Seafarers working at sea need to safely and effectively perform a wide variety of tasks. Most involve the seafarer receiving information about their surroundings, analysing it and then taking appropriate actions that usually require movement of their hands, limbs, head or body.
Fig 20.1 Information processing and actions throwing a mooring line
Thus performance depends on
- the sense organs, such as the eyes and ears to receive information
- the ability of the brain to analyse this information and, based on training, decide on the actions needed, and
- the physical capability to carry out the necessary task using either fine movements, for instance to adjust a control or forceful ones, as in handling mooring ropes.
The effects of the actions taken need to be monitored to assess the need for future actions. Tasks are often achieved through teamwork and the individual has to co-ordinate their actions with those around them.
The majority of humans, especially those of working age who have selected to work in the same sort of job, have broadly similar capabilities. Factors such as fatigue, mood, experience and age, as well as minor variations in individual capability may also affect performance.
Fig 20.2 Information processing and action – officer of the watch.
Vision is the main way in which we perceive our surroundings. The eye is capable of responding to a huge range of light levels, but with diminished colour and form perception when light levels are low. It can focus from a few centimetres to infinity, while at short distances (<5 metres) the two eyes, working stereoscopically, provide additional information on distance. Defects in focusing are common and correctable with glasses, contact lenses or by corneal surgery. Other vision defects are rarer, but increase in frequency with age. Age also reduces the ability of the eye to focus and slows the pace of adaptation to changing light levels.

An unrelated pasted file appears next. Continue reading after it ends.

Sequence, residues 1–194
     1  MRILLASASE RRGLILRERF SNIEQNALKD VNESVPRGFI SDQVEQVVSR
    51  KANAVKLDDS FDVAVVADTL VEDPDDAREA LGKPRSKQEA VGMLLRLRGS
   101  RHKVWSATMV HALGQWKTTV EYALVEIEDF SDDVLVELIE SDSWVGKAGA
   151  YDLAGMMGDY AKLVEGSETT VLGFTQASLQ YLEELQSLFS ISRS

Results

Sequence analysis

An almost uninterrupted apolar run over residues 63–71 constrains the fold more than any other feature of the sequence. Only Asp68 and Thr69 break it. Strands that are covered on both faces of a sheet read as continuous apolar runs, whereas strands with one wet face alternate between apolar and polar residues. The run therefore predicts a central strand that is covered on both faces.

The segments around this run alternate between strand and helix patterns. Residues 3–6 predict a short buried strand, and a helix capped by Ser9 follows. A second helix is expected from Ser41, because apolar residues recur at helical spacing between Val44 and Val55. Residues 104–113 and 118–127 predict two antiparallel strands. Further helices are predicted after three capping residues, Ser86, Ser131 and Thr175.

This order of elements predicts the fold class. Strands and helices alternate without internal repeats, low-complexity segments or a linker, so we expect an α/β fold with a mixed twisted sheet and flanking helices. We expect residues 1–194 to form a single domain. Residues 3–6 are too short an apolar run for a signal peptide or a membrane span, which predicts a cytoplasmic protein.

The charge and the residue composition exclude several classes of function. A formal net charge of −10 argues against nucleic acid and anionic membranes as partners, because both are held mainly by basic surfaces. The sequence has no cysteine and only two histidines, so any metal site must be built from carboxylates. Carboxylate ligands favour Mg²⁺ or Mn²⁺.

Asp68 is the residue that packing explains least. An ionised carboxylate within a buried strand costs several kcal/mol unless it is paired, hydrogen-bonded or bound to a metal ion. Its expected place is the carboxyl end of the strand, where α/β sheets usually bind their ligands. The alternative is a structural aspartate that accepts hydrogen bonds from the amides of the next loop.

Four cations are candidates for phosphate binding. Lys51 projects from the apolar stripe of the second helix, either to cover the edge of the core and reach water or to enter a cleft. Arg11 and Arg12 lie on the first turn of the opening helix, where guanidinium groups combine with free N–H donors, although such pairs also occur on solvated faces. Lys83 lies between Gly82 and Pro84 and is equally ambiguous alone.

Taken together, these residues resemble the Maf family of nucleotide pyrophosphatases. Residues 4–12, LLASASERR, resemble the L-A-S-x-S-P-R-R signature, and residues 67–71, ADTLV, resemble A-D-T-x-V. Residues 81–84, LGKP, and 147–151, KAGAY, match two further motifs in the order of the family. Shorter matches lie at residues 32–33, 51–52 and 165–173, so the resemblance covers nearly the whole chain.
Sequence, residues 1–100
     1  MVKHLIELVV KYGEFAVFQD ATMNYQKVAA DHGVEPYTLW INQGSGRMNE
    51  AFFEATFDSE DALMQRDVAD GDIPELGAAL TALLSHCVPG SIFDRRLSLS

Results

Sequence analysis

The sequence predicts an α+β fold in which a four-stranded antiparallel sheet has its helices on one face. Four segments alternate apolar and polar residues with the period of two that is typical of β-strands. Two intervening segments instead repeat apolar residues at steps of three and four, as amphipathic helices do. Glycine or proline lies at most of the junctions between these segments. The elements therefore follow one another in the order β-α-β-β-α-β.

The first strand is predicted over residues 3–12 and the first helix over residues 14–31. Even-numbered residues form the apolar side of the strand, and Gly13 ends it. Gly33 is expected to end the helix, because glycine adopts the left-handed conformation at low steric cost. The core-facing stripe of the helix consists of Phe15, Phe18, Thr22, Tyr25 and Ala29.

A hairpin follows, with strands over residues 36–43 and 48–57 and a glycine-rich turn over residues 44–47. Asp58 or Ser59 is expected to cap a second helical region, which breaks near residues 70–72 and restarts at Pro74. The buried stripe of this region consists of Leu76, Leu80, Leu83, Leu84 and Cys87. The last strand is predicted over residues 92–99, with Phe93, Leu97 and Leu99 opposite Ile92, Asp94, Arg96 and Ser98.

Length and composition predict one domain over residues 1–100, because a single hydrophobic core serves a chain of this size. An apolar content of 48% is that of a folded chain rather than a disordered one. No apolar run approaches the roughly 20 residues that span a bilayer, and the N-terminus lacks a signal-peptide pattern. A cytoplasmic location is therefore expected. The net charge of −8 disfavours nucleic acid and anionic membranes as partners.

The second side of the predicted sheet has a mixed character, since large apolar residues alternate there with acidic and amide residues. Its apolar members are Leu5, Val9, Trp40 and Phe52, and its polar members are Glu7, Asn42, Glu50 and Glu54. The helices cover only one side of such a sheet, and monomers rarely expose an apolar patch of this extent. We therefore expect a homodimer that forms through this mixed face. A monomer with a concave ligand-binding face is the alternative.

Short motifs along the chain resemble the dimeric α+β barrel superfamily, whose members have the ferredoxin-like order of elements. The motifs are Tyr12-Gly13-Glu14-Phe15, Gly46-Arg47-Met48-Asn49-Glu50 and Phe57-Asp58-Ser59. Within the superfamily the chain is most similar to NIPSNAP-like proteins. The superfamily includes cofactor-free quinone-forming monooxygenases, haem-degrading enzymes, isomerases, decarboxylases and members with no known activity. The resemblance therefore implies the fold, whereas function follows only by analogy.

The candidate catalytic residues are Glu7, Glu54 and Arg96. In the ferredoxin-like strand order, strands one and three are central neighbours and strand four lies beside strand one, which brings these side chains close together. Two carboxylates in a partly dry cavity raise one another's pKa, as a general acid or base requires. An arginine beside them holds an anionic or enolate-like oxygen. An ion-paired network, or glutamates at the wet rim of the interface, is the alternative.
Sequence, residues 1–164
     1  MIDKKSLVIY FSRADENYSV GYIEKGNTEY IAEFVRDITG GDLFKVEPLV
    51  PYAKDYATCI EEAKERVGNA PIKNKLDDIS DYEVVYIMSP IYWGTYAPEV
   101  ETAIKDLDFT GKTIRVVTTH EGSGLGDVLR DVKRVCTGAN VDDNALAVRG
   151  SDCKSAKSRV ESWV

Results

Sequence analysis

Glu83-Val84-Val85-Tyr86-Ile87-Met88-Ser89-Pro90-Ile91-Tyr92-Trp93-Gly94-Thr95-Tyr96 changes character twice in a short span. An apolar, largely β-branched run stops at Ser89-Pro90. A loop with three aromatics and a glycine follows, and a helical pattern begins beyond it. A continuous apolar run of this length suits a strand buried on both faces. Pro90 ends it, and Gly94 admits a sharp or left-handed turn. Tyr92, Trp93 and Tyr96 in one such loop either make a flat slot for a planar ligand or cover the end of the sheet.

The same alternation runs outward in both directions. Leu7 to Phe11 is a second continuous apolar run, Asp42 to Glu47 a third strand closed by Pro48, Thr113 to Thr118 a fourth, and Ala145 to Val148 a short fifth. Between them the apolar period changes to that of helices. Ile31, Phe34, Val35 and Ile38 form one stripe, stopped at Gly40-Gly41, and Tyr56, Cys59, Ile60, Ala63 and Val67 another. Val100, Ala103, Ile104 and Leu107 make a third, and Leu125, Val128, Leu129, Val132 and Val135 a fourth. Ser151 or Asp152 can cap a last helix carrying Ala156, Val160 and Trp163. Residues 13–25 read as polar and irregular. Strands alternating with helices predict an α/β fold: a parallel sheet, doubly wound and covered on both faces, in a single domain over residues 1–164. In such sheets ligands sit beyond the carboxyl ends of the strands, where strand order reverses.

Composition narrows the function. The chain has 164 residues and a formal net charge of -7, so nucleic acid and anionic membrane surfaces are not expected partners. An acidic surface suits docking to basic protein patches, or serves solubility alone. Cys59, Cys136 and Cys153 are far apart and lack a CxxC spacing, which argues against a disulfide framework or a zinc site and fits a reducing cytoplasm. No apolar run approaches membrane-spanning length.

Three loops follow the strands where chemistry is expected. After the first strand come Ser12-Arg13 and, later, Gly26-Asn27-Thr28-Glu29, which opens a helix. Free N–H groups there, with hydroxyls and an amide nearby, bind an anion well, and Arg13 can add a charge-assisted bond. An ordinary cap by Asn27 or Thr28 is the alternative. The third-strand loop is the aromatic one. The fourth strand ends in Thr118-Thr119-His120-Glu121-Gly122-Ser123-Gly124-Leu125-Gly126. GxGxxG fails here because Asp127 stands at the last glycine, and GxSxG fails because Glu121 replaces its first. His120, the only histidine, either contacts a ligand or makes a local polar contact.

The maritime environment is visually complex, with visibility often reduced by fog, darkness and/or glare and a lack of image contrast is common. Colour is used in navigation lights, on alarms and on charts. Failure to recognise correctly form (visual acuity) and colour can be safety critical. For this reason, some defects may make a person unsuited to safety critical work at sea. These include defects in focusing and in colour perception that cannot be corrected and defects due to light scattering in the eye after corneal surgery and with eye diseases such as cataract.
The eyes of humans are forward facing and so do not detect visual signals beyond their field of view. Other senses, such as hearing, as well as self-awareness of the need to scan widely, lead to the gaze being directed elsewhere. Thus, the control of the eye and head muscles plays an important part in visual performance.
Eyesight standards for seafarers use relatively crude tests of form and colour vision. These are well validated and reproducible but do not effectively assess visual performance under adverse conditions. Tests are available which can do this but they are not sufficiently reliable to be used as the basis for decisions on fitness to work at sea. Information from the light receptors of the eye is transmitted to the visual centres of the brain for analysis through the optic nerve.